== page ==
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Cybersecurity Statistics for 2020

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One of the biggest challenges for modern-day businesses is cybersecurity. According to the US government, cybersecurity is one of the most significant challenges to the economy and security of the nation.

Perhaps the best explanation for this is because the complexities of attack methods become more and more sophisticated each new day. Therefore, to be safe as a company, you must be able to adopt the best approaches to defend against fresh threats quickly.

The approaches you adopt should help you safeguard your business’ confidential and critical data but not hinder its growth and innovations at the same time. In the past few years, most established companies have invested in various security upgrades for enhanced online security capabilities.

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During these improvements, a lot of formal processes have been put in place to help identify risks in IT and prevent them from leading to massive expenditures when executing the strategies. Despite the efforts, cybercriminals still find ways to exploit sophisticated risk profiles and wreak havoc into the businesses.

We recently did in-depth research on the issue, and one thing that’s very important to note is that there’s still quite a lot of work to be done. To give you a clearer picture of the state of cybersecurity 2020, we saw it fit to compile this list of cybersecurity statistics for 2020 based on the forms of attack.

This isn’t meant to scare you off but to give you a map of how possibly you could be leaving your business in jeopardy by overlooking simple security patches along the way. Read on.

Cyber Security Statistics Based on the Form of Attack

It’s essential to know the possible type of attack that an online crook may launch of your business, so you have at least an idea of how to defend against it. Some of the most popular forms of attacks include;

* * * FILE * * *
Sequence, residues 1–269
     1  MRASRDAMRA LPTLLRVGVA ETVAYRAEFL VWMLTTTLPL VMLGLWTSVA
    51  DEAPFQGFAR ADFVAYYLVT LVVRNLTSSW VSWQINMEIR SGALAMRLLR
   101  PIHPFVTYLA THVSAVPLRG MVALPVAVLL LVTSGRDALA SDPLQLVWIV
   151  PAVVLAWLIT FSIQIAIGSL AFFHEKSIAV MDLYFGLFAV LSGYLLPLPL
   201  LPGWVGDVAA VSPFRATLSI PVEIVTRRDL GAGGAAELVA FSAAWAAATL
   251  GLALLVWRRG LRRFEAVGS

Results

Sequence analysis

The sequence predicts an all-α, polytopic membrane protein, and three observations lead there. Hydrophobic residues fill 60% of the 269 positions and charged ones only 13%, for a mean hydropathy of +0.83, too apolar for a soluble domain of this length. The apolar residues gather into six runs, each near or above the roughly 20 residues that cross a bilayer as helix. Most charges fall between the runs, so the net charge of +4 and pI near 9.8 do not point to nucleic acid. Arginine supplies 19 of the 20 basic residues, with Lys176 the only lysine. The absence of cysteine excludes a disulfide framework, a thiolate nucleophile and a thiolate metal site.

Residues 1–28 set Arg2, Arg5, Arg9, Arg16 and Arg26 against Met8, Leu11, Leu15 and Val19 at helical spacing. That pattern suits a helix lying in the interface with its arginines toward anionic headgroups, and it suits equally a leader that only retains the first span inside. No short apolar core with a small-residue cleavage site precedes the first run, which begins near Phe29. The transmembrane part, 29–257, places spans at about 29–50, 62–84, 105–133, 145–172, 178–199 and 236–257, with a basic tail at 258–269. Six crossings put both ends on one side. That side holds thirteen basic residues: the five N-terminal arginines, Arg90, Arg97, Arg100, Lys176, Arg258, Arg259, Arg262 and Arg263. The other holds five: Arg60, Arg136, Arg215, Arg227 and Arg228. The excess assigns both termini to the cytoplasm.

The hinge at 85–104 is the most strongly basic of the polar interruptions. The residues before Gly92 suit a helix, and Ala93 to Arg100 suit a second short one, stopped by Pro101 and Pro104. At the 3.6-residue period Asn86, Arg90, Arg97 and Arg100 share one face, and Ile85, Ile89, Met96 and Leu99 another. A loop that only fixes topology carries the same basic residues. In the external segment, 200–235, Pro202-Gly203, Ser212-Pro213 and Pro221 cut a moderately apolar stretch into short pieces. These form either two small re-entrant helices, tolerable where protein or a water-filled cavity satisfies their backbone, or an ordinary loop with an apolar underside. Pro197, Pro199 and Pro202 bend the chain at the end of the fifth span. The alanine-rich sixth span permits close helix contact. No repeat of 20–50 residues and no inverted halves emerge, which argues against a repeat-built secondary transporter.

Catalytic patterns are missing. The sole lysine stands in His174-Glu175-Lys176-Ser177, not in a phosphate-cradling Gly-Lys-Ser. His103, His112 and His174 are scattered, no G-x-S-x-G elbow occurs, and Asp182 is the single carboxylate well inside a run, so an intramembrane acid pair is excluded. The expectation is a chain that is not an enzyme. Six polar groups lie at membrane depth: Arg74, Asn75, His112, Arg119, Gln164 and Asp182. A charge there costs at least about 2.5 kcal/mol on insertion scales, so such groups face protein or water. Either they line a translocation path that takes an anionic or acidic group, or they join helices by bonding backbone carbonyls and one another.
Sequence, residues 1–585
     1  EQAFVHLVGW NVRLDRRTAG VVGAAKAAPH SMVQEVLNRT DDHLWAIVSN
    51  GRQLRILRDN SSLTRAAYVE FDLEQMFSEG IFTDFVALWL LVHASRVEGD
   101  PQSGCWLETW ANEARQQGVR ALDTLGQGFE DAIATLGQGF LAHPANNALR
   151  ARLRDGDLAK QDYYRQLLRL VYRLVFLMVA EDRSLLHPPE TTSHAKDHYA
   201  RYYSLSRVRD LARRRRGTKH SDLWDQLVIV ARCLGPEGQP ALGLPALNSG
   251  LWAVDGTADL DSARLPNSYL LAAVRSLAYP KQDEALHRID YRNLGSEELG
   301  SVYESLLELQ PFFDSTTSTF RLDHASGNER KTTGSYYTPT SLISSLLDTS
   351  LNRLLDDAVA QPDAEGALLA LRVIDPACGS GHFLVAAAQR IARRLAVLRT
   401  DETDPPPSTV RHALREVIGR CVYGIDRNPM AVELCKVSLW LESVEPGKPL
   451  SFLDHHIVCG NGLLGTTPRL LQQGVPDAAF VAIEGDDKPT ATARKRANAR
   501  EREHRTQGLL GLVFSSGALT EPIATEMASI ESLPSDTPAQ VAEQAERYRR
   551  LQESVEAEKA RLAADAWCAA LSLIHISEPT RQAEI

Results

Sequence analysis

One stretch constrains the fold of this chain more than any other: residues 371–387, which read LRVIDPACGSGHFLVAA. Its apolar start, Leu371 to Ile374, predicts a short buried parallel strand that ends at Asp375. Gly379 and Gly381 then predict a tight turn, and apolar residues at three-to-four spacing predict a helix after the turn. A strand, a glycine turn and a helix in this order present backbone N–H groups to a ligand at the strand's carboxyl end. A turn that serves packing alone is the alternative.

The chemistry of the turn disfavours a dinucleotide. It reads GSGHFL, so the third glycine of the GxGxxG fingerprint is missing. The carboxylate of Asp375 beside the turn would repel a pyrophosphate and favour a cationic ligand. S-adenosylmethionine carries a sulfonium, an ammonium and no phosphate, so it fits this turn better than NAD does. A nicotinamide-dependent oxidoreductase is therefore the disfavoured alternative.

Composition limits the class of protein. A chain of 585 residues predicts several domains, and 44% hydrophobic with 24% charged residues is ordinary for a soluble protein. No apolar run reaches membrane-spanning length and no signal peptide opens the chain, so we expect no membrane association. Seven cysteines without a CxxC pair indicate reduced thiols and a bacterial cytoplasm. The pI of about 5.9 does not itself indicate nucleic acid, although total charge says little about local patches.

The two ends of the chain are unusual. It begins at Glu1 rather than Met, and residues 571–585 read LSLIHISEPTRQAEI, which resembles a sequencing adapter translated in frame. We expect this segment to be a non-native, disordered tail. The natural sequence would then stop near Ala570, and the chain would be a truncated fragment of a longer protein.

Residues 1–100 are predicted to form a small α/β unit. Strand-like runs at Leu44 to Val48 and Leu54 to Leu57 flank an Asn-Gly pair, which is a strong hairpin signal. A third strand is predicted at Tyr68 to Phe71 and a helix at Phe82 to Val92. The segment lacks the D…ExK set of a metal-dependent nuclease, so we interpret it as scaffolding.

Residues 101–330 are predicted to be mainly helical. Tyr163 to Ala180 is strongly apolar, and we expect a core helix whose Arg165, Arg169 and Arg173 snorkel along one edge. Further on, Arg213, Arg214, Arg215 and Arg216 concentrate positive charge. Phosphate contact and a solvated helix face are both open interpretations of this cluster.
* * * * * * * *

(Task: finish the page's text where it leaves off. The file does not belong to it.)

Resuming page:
1. Distributed Denial of Service Attacks (DDoS)
  2. Phishing
  3. Social engineering
  4. Malware and ransomware

Distributed Denial of Service (DDoS) Attack

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This refers to malicious attempts by cybercriminals to disrupt targeted networks, servers or services’ regular traffic. It works by overwhelming the targets with malicious internet traffic.

Top 5 Statistics for Distributed Denial of Service (DDoS) Attack

  1. In the second quarter of 2018, the average size of a DDoS attack was 26.37 Gbps (Bleeping Computer)
  2. The average cost of a DDoS attack per hour is around $20,000 to $40,000. (Cox Blue)
  3. In 2018 alone 20 percent of businesses with at least 50 employees admitted to being victims of at least a single DDoS attack. (Kaspersky Lab)
  4. Half the total number of DDoS attacks in 2018 caused severe service disruption while 24 percent of these attacks caused complete service unavailability for some duration. (Kaspersky Lab)
  5. Over 10 percent of businesses believe that competitors initiate the DDoS attacks on their networks or servers. (Kaspersky Lab)

Phishing Attacks

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These are attack mechanisms designed to dupe targets into revealing sensitive information like credit card details and login details of users and high-profile company secrets or confidential data etc. It works by the hacker disguising themselves as trusted personnel over electronic communications. Phishing attacks exist in different forms like; spear phishing, whaling, search engine phishing, vishing and smishing, among others.

Here are the must-know phishing attacks statistics for 2020.

  1. Thirty-two percent of all the data breaches in 2018 involved some form of phishing activity. (Verizon)
  2. In every 25 branded emails, there is at least one phishing email with Microsoft and Amazon being the most popular companies that phishers pose as. They average 42 percent and 38 percent respectively. (Avanan)
  3. In the first quarter of 2019, webmail services and SaaS services were the most targeted sectors. They both accounted for 36 percent of attacks even exceeding payment services which stood at 27 percent for the first time in history. (APWG)
  4. Over 50 percent of phishing attacks come with malicious links.
  5. 30 percent of phishing attack emails easily bypass the default security filters. (Avanan)

Social Engineering Attacks